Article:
But some patients reported missing face-to-face contact, study found
MONDAY, Jan. 9, 2017 (HealthDay News) -- Fewer people now view e-cigarettes, which convert a nicotine liquid into vapor that's inhaled, as a less dangerous or healthier alternative to cigarettes, new research finds.
Public perception about these battery-operated devices is changing, even though studies investigating their health effects have had mixed results, the researchers said.
"It's a good thing that information about e-cigarettes' possible adverse health effects has gotten out there, especially considering there wasn't a government or public health push during the study years," said the study's leader, Eric Ford. He is a professor in the department of health policy and management at the Johns Hopkins Bloomberg School of Public Health in Baltimore.
"When misinformation about health effects about any substances becomes widespread, it is usually very hard to reverse the trend. That somehow happened here," Ford said in a university news release.
For the study, the researchers reviewed nationally representative surveys conducted in 2012, 2013 and 2014. The surveys -- sponsored by the U.S. National Cancer Institute -- included more than 3,000 smokers, former smokers and non-smokers each year.
Awareness of e-cigarettes increased about 17 percent between 2012 and 2014 (from 77 percent to 94 percent), the findings showed.
The study authors said that this greater awareness had no influence on smokers' intentions or attempts to kick the habit.
The surveys revealed that 50 percent of the people polled in 2012 believed e-cigarettes were not as harmful as cigarettes. Two years later, that number fell to 43 percent.
During this time period, e-cigarettes were marketed as a safer alternative to smoking traditional cigarettes because they don't contain tobacco, the study authors said.
Ford's team pointed out that many health experts worry that e-cigarettes could lead more people to start smoking cigarettes, the leading cause of preventable death around the world. Teens may be especially vulnerable to e-cigarette marketing, which could put them on the path to addiction with tobacco cigarettes, experts say.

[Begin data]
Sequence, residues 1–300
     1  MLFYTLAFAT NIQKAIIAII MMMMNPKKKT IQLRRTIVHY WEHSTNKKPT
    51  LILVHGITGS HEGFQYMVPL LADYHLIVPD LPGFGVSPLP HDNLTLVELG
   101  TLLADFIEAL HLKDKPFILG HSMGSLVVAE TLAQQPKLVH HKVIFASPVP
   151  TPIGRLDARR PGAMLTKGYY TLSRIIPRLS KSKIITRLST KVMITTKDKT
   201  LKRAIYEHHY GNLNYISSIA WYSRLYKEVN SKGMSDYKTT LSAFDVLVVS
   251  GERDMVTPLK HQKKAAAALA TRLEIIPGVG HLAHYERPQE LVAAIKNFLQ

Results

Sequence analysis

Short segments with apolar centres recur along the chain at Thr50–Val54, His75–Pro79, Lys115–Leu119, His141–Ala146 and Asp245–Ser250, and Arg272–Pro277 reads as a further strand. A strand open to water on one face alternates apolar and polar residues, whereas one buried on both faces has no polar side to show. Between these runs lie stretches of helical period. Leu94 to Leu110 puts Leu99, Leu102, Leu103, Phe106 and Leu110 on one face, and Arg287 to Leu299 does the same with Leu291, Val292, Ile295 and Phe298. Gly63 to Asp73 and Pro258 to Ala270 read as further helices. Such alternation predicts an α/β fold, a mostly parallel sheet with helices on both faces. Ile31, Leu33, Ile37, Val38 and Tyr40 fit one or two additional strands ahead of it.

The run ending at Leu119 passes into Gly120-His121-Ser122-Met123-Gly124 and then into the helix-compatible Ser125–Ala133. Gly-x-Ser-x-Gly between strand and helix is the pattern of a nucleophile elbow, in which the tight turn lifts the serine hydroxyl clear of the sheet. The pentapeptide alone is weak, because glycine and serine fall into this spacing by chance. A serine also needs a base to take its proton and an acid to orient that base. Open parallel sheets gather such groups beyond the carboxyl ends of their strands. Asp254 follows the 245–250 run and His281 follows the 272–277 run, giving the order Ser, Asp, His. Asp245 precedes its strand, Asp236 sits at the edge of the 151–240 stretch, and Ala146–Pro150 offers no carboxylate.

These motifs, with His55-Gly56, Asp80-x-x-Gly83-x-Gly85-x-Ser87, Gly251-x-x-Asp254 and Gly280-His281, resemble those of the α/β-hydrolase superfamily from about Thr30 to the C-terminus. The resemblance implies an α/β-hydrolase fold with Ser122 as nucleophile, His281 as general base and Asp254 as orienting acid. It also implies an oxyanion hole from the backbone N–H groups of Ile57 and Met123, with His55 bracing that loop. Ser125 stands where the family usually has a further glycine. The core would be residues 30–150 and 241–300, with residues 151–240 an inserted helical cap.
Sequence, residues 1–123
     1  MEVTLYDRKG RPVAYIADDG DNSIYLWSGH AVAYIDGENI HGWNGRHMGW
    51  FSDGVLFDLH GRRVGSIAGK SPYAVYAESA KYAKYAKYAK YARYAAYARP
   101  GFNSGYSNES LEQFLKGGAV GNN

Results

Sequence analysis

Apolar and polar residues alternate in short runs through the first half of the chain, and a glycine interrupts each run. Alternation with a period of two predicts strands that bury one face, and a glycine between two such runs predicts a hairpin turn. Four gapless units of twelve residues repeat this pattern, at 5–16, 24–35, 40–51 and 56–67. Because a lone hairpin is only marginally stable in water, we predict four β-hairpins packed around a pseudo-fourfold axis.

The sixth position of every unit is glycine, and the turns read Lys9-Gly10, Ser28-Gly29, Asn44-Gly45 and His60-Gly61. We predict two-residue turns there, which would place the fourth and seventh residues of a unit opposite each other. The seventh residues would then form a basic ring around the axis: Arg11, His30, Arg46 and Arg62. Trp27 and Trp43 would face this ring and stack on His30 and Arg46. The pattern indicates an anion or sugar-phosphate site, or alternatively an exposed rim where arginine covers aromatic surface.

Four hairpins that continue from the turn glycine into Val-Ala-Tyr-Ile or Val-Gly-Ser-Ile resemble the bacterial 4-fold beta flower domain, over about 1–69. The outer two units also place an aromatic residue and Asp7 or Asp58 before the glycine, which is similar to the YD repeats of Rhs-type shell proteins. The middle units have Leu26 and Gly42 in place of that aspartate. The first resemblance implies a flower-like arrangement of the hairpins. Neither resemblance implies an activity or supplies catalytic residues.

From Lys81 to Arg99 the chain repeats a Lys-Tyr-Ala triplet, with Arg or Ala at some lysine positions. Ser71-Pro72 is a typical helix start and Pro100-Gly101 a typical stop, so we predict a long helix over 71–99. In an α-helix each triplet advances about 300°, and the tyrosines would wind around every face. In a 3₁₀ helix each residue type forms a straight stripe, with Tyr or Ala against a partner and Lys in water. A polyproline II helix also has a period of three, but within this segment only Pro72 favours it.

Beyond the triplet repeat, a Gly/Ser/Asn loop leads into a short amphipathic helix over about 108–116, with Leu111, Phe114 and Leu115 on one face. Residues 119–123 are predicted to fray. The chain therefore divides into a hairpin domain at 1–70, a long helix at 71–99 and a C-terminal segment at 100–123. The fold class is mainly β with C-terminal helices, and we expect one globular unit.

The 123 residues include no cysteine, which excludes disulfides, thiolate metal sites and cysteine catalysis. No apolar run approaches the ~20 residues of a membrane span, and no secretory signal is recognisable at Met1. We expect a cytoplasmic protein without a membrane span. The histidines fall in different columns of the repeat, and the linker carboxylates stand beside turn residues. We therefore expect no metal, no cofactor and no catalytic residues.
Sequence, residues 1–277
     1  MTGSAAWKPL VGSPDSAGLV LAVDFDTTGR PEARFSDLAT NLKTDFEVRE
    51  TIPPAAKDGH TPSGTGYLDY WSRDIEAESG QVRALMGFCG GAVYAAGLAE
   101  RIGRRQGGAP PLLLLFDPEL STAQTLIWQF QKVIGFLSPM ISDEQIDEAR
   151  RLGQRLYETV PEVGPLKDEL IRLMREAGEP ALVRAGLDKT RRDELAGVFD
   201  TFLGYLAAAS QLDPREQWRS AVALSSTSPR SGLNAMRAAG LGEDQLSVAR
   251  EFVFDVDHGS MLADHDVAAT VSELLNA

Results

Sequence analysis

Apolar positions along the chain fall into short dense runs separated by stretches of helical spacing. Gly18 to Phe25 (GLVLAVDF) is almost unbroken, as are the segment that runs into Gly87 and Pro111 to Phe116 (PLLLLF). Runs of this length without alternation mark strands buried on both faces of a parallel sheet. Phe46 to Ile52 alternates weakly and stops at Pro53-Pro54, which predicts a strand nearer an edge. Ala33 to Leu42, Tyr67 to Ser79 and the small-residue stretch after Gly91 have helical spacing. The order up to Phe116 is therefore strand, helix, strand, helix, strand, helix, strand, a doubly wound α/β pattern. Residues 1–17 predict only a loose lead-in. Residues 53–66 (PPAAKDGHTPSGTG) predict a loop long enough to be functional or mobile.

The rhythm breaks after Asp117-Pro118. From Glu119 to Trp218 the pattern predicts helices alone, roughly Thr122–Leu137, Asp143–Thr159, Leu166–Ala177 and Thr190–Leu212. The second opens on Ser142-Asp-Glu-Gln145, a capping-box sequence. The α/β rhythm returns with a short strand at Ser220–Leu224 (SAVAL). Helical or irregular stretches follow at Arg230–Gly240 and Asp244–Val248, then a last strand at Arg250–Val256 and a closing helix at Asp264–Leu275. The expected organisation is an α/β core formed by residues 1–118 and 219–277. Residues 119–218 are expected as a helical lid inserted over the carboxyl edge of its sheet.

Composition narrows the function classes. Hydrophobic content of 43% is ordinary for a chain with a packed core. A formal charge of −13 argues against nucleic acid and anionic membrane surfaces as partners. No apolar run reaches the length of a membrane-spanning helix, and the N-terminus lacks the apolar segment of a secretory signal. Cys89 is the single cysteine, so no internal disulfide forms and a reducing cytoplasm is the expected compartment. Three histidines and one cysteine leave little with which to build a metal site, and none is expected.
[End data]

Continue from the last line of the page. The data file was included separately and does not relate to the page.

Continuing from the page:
As of 2014, e-cigarettes were used by nearly 4 percent of U.S. adults, particularly those who were current smokers or had quit within the past year, according to the U.S. Centers for Disease Control and Prevention.
The health effects of e-cigarettes remain unclear, the researchers cautioned. The products with flavoring and other ingredients that contain a chemical called diacetyl may be linked with lung conditions, such as bronchiolitis obliterans, or "popcorn lung." This causes scarring in the lungs that leads to the thickening and narrowing of the airways, the study authors said.
The U.S. Food and Drug Administration has revealed plans to start regulating e-cigarettes. Selling these products to anyone younger than 18 years of age will be prohibited. Recently, the U.S. Surgeon General also warned young people to avoid e-cigarettes entirely, calling them "unsafe."
The FDA has also said it will hold a two-day workshop in April to examine the dangers of exploding batteries in e-cigarettes.
The agency identified 66 instances of e-cigarette explosions in 2015 and early 2016, according to published reports. The batteries overheated, caught fire or blew up, sometimes causing severe injuries.
The new study was published online recently in the American Journal of Preventive Medicine.
The U.S. National Institute on Drug Abuse has more about e-cigarettes.
SOURCE: Johns Hopkins Bloomberg School of Public Health, news release, Jan. 4, 2017
Copyright © 2017 HealthDay. All rights reserved.
Thu Jan 12, 2017 03:08 AM
It appears to be safer than cigarettes. It appears to help those who smoke get off of cigarettes. It appears to upset those who want to control everything someone else does. It's time for freedom/liberty not Big Brother. I do not and have never smoked cigarettes so I don't have a personal position to support other than I believe in freedom.
Fri Jan 13, 2017 07:54 PM
Jim, sure they have health risks attached to thier use but i will list a few examples when they seem appropriate.
After making love with your wife, spouse or partner, be it a she or a he. Then after the climax there is nothing in the world that feels more satisfing than to roll off and reach for a cigarette. If you have never experienced that, then you need to place it at the top of your to do'ss before you die. After just that one, then you will be hooked for life!
You will be asking youself this: is the cigarette better than sex? One question that you may never find the answer to.
Just try that one Jim
Fri Jan 13, 2017 07:56 PM
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